Wednesday, June 27, 2012

your blogger-powered stock pot and messy love life

One of the reasons I started blogging here again — the major one — is that it's a welcome distraction from health issues I've been struggling with for more than a year now. The problem with this, naturally, is that struggling with health issues often doesn't leave me with enough energy to do the actual blogging part; it's far more conducive to lying around, reading detective novels, and thinking about things I'll blog about when I'm feeling up to it. There is, however, at least a bit of amusement to be found regardless of whether I'm posting as frequently as I want to be or not, and that is my relentlessly weird search stats, the words and phrases that led readers (and harrumphing, chin-stroking, that's-not-it-at-all non-readers) here to my blog. I've written about this before, a couple years ago, but there are always new and unexpected delights among the prosaic "types of cucumbers" and "watermelon close up" searches. Such as:
  • "gonads smear in clams": I'm pretty nonjudgmental about people's private adventures but this sounds like a messy and terribly anti-climactic waste of clams to me. 
  • "tartar's lips": Surely this person has mixed up the Cream of Tartar in their baking-supplies cabinet with the native peoples of west- and central-Russia, but there is nonetheless something romantic about their confusion. I like to think they were (and still are) looking for a particular Tatar's lips they once caught a glimpse of and are desperately hoping to see again, even if it requires hours and hours of fruitless image searching. Captivating lips are hard to find and encountering a pair of them can be as memorable and as ruinous as a Mongol invasion, so I wish this person the best of luck.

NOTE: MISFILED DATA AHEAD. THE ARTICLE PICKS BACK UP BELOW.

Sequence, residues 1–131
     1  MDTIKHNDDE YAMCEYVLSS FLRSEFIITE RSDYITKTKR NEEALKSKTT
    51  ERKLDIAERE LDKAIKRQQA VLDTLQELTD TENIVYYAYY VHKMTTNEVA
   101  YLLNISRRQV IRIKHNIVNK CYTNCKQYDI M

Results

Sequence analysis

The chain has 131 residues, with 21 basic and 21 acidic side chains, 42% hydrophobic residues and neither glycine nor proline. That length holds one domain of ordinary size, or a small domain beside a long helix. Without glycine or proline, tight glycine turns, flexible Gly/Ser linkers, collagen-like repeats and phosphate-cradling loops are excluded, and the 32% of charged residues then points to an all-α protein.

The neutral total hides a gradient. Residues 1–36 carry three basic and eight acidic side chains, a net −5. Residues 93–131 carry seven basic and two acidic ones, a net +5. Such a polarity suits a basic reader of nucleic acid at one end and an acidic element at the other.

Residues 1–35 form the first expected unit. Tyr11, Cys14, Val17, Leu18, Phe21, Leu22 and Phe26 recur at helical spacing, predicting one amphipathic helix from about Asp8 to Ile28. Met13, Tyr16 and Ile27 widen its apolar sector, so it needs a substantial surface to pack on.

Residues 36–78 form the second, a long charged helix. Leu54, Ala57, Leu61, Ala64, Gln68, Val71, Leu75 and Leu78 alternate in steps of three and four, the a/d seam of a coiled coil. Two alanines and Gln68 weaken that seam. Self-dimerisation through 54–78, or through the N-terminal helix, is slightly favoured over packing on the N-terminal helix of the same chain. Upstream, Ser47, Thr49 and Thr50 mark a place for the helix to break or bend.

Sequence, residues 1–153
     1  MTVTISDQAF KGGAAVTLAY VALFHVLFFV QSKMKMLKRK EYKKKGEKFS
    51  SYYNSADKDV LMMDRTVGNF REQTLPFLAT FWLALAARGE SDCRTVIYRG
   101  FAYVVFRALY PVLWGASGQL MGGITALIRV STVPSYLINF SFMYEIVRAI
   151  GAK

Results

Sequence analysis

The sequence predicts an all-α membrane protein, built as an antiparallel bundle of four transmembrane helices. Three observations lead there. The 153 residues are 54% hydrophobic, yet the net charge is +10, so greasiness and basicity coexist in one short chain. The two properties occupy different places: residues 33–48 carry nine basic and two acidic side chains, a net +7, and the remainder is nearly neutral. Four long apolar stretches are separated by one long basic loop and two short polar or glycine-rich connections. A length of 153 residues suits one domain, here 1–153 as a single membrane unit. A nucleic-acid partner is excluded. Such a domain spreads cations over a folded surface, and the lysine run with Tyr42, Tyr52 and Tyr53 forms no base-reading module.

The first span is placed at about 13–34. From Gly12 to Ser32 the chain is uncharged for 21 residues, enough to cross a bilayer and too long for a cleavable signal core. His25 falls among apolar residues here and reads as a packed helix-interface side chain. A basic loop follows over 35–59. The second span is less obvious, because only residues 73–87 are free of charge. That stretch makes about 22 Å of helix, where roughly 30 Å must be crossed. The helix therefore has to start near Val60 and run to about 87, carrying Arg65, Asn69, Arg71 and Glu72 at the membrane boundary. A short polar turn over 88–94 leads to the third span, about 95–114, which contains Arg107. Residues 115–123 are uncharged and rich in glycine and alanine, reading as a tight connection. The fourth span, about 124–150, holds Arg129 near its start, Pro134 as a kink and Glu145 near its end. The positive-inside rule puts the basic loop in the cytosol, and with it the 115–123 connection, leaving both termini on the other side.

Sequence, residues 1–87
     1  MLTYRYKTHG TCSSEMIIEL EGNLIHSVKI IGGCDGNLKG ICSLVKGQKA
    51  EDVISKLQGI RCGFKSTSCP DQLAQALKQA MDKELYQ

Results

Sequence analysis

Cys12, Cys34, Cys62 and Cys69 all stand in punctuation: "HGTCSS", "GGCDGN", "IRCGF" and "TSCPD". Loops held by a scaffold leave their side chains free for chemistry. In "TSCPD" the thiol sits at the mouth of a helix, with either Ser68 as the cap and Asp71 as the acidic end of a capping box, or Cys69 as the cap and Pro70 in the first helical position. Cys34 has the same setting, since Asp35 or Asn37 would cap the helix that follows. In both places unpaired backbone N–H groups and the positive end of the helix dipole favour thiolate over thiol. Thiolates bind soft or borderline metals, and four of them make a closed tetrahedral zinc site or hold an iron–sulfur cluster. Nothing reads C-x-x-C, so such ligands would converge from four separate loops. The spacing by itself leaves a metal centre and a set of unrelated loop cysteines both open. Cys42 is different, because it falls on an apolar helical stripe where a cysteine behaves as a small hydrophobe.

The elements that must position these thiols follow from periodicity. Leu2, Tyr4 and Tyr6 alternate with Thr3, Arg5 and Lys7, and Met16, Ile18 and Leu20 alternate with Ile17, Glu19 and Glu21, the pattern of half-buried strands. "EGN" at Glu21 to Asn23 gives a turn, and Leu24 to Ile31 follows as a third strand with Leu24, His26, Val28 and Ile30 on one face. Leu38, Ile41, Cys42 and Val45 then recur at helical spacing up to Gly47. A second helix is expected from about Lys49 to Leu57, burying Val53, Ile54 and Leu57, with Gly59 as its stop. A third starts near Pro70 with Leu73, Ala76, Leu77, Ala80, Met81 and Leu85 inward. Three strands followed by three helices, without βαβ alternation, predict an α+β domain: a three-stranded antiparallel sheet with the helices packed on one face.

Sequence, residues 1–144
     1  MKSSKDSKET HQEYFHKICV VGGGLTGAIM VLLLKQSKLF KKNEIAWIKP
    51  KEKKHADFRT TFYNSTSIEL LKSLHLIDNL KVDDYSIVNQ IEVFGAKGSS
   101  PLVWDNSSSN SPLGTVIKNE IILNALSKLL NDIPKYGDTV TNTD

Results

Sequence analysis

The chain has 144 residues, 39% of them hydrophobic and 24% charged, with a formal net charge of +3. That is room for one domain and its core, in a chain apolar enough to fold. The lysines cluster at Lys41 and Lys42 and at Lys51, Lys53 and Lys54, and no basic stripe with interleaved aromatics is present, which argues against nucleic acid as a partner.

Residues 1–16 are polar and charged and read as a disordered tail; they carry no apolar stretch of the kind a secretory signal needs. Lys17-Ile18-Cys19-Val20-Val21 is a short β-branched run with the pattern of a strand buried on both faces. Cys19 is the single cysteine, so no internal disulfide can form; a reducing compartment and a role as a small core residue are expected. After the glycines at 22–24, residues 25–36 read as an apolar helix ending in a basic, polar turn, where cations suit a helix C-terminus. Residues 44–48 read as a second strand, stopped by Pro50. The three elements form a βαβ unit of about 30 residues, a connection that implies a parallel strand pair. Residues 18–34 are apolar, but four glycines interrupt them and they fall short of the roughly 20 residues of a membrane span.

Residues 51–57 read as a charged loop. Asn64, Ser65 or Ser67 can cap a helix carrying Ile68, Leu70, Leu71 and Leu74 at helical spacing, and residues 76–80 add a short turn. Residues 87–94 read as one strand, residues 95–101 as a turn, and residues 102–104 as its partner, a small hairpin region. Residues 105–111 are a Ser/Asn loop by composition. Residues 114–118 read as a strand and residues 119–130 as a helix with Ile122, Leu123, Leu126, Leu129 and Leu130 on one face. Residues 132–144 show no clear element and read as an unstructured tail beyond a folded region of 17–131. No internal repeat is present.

I don't know where the sexy, brooding Tatar lips are, sorry.

  • "sasha frere jones quinoa recipe": A quietly effective way to mess with a food blogger's head. The thought that I might be a pawn in some sort of insidious viral marketing campaign to launch this guy's new career as a protein diet guru annoys me, but what annoys me more is the thought that if SF-J does have a quinoa recipe, I might write about it here. Because in actuality I probably wouldn't be able to resist having a dig at it. The fact that I don't even really like quinoa makes me a little uncomfortable about that. Fucking hell. I fear that my overweening squeamishness about debasing myself could be contagious, too, because I had to search for this one myself to see whether there is such a thing.